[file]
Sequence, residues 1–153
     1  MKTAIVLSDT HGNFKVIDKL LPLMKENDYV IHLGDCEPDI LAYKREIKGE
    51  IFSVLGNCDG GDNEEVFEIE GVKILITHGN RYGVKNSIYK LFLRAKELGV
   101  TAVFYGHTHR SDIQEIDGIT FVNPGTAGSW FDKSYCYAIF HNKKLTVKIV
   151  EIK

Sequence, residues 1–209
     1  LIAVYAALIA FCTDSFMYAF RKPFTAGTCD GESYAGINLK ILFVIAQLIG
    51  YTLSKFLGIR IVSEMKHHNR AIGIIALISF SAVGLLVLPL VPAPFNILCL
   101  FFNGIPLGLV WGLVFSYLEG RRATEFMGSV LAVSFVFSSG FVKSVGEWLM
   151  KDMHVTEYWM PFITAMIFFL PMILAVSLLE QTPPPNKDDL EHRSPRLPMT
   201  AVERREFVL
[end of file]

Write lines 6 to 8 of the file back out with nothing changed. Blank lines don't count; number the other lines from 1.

Sequence, residues 1–209
     1  LIAVYAALIA FCTDSFMYAF RKPFTAGTCD GESYAGINLK ILFVIAQLIG
    51  YTLSKFLGIR IVSEMKHHNR AIGIIALISF SAVGLLVLPL VPAPFNILCL